"A very proper queen goes on a world tour, visiting children who know both how to make tea and how to entice a royal to come out of her protective shell. Resembling Victoria in stature and Carroll's Red Queen in temperament, the white monarch finds herself unhappy with the tea brewed by her butler, James (also white). Traveling with her trusty manservant by hot air balloon in search of a better brew, she meets Noriko of Japan, Sunil of India, and Rana of Turkey. She not only drinks the tea found in those countries, but she even helps to brew the drink and has an adventure in friendship in each place. Although the queen communicates her disdain for such activities to James, and James dutifully informs each child, she eventually consents to snuggle Noriko's kittens, dribble Sunil's soccer ball, and dance with Rana. At the end, the queen invites the children to her garden and prepares the tea herself. The charm of this picture book is to be found in its repetitive language. Each voyage is told in almost the same wording, but in each sequence, the queen does a little more to make the tea, until she is quite self-sufficient and capable of enjoying human relationships. The amusing colored-pencil illustrations show the queen as she changes from her buttoned-up personality with proper hairdo created by her maids to a free spirit who does her own haphazard coiffure. Droll entertainment that calls out for an international tea party."--Kirkus Reviews--Journal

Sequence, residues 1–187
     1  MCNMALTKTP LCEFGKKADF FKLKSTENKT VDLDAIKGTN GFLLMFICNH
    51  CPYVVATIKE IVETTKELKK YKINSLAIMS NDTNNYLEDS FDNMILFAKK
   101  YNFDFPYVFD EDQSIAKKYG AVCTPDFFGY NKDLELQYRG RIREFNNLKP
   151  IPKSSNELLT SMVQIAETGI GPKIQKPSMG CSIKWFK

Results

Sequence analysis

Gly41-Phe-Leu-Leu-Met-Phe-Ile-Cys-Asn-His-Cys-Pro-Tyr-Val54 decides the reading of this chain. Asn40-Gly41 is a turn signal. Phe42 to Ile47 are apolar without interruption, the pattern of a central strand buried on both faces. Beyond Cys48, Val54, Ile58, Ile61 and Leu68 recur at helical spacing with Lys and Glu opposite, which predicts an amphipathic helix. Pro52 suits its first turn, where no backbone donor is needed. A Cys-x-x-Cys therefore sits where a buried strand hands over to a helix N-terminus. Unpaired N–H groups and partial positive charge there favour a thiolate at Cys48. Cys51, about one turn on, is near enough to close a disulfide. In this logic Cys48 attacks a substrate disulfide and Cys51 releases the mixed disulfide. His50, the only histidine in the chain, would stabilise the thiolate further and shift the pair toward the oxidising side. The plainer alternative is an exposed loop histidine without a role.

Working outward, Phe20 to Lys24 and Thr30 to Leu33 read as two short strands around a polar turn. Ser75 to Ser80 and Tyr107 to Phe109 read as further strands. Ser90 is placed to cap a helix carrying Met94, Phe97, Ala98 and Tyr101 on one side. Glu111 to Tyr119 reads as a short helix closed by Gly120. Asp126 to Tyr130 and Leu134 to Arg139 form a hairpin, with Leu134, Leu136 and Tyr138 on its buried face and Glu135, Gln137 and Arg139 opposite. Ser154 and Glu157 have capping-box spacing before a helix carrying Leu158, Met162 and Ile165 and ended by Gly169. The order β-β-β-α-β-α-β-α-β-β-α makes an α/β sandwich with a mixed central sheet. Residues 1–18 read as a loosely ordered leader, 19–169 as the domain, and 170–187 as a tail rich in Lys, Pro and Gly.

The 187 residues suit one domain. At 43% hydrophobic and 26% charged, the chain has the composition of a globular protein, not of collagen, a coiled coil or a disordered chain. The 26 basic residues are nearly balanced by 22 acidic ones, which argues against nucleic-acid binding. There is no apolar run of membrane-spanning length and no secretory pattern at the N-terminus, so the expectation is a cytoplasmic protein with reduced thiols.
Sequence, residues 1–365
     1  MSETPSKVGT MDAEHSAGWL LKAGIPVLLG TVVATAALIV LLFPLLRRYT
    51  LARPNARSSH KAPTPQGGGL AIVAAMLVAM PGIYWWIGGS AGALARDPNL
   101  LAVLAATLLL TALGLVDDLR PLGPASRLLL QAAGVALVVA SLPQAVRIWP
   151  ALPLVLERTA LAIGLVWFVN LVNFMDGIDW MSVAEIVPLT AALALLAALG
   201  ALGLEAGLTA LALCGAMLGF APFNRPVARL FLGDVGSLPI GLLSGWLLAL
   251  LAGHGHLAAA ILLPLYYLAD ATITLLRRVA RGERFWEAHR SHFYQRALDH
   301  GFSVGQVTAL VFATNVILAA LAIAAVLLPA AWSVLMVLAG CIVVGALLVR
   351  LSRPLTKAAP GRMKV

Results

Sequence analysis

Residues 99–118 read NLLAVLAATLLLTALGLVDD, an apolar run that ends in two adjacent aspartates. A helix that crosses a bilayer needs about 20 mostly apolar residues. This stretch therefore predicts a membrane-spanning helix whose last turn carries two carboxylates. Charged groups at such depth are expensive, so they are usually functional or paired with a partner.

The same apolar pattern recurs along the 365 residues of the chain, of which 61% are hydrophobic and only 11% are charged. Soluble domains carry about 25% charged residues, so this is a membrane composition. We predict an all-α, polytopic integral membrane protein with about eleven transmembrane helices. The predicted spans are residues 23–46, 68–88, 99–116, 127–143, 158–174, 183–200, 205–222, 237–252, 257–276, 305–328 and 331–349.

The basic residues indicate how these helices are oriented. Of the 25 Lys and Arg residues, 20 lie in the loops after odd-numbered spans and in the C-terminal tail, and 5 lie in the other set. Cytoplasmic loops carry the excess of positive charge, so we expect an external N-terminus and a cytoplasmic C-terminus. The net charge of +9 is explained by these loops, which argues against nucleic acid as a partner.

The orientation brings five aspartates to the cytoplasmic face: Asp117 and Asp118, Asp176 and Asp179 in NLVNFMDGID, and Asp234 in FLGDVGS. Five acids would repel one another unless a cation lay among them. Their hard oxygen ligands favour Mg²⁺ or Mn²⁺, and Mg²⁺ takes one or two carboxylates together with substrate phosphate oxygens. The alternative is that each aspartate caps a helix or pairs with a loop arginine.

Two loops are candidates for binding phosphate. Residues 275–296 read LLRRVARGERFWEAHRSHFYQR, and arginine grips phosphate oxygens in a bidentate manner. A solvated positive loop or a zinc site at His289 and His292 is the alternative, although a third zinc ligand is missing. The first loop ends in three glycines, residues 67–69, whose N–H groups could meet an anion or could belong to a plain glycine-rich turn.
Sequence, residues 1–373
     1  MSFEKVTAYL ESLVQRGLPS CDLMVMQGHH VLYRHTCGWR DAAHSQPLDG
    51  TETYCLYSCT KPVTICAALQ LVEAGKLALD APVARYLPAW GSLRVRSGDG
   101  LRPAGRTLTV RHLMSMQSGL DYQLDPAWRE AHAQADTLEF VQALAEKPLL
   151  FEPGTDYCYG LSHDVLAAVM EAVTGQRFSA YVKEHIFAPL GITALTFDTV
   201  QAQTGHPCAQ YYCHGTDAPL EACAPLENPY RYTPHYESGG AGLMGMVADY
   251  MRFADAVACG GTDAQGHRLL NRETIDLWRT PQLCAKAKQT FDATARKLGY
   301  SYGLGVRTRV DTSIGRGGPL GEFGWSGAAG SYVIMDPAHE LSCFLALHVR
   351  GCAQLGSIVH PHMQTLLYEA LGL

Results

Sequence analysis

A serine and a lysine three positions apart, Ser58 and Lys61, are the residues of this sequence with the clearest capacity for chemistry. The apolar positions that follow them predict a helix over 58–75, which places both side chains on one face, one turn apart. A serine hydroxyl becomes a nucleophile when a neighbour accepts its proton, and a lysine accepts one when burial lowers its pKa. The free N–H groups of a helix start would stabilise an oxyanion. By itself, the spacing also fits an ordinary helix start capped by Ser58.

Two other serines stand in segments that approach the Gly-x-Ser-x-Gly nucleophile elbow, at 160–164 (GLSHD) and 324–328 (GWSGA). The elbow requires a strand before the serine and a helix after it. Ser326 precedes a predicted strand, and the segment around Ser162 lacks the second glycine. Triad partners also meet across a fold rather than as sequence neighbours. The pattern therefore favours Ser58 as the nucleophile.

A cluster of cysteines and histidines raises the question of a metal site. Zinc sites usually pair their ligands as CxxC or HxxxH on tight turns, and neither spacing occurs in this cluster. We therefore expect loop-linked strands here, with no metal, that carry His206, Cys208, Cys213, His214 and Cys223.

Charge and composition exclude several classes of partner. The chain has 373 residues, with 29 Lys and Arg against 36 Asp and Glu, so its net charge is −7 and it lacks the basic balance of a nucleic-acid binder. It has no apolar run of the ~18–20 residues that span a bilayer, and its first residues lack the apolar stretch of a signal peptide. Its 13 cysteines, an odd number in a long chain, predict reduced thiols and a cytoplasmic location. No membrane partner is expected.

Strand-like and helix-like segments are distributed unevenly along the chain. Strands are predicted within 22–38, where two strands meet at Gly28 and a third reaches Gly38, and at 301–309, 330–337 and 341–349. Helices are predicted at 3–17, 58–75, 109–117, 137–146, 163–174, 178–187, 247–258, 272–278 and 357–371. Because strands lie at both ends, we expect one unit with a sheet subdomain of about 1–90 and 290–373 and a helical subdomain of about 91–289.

"An imperious monarch embarks on a quest in this wry story from the team behind Infinity and Me. 'I must find the perfect cup of tea!' the queen barks at her butler, James. 'Stop slouching and get me my coat!' Aloft in a hot-air balloon, she orders James to stop in verdant, tea-growing regions, encountering children who invite the royal to do things queens don't ordinarily do, then share tea with her. In Japan, she meets Noriko and snuggles a cat ('That was rather strenuous'). In India, where tea is prepared with ginger and star anise, Sunil invites her to play soccer. 'Her Majesty does not dribble, ' James informs the boy. 'Well then, ' Sunil responds, 'it's time she tried.' In Turkey, she meets Rana, who dances. Swiatkowska's delicious, old-world pastels render each character a distinct individual; the Queen has peculiar flyaway hair, and Sunil's missing a front tooth. The details give Hosford's round-the-world tale offbeat charm, and readers will smile as they watch the Queen shed her haughtiness and embrace her own capabilities."--Publishers Weekly--Journal